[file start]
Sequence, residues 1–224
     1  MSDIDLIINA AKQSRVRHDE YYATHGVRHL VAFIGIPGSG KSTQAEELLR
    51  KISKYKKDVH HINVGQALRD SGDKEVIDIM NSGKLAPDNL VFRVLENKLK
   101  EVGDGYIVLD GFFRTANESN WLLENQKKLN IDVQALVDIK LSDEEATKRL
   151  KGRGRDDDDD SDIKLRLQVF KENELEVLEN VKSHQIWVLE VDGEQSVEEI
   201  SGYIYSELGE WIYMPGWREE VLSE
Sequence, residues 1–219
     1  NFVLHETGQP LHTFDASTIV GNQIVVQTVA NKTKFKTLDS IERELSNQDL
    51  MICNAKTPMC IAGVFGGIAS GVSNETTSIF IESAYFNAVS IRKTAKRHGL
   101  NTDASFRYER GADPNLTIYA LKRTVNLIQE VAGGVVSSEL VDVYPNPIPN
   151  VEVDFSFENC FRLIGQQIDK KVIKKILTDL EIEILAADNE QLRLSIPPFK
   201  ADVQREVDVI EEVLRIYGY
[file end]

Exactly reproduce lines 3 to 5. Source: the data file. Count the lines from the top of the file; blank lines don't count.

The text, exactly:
    51  KISKYKKDVH HINVGQALRD SGDKEVIDIM NSGKLAPDNL VFRVLENKLK
   101  EVGDGYIVLD GFFRTANESN WLLENQKKLN IDVQALVDIK LSDEEATKRL
   151  KGRGRDDDDD SDIKLRLQVF KENELEVLEN VKSHQIWVLE VDGEQSVEEI